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Markets ‘largely expected’ stimulus deal: Strategist

Yahoo Finance’s Alexis Christoforous and Brian Levitt, Invesco Global Market Strategist, discuss market moves and stimulus.

Video Transcript

ALEXIS CHRISTOFOROUS: I want to take a look now at the markets because we started the show by telling you that the Dow had bounced back from a steep sell off this morning. And as you can see there, actually moving higher now. New York's best level of the day, up about 87 points throughout the broader market-- still a bit lower, with the S&P down about 11 and the NASDAQ off about 23 points.

Joining me now is Brian Levitt. He is a Market Strategist at Invesco. Brian, always good to see you. So we've got this $900 billion relief package finally going to be OKed on Capitol Hill. Why isn't the market rallying on that news?

BRIAN LEVITT: Yeah, I guess it's a little bit of a buy the rumor, and sell the news going on here. I mean, the markets have largely been expected to get something. And it was in line with expectations. It wasn't substantially higher. And so I think the market largely views this, rightfully, as a bridge to move some of the hardest-hit families through this. It's not sufficient to lead to a new higher sustained level of economic activity. It's a bridge. And the markets largely expected it.

ALEXIS CHRISTOFOROUS: You know, everybody keeps talking about the recovery trade, Brian, right? How we're going to be seeing this rotation to small caps-- which have been doing quite well-- and this rotation to value. Do you believe that that's going to continue to be a trend early next year?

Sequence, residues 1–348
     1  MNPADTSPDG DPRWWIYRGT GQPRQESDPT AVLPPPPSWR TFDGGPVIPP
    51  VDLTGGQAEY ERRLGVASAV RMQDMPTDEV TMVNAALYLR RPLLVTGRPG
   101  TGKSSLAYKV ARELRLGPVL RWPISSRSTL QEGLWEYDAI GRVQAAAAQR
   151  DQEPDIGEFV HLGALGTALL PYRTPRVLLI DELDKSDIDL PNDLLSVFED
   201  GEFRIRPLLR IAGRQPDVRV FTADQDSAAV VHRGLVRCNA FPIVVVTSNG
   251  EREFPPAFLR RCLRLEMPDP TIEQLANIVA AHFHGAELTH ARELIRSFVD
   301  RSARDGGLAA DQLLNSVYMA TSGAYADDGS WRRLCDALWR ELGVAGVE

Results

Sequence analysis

BRIAN LEVITT: I do. And I think that we should just note that the word trade is trade. It's not-- you know, this recovery portfolio doesn't outperform for the next five years, seven years. It's a trade that should have some momentum behind it. And typically, what you see when the economy is at depressed levels and starts to come out of it in that recovery phase, you're right, rates go up. Commodities go up, cyclicals, value, the more smaller cap equities outperform.

And that should persist for some time. I think it ultimately gives way to another modest expansion. And we saw a modest expansion for years after the recovery that followed the global financial crisis. And that was a world where interest rates stayed quite low. And we never really got a higher sustained bout of growth. And so larger caps and growth-oriented markets outperformed. But for now, yeah, the recovery trade should play out for the better part of 2021.

ALEXIS CHRISTOFOROUS: Would you lump oil into that recovery trade? I mean, we just heard from Mike Mayo a few moments ago over at Wells Fargo talking about banks-- one of the big laggards of 2020. He's quite bullish on banks in 2021. Oil-- another one of the worst performers of this year-- lower today on fears that these ongoing coronavirus infections and now this new strain coming out of England is going to pinch demand for fuel going forward. But is oil going to have its day in the sun in 2021?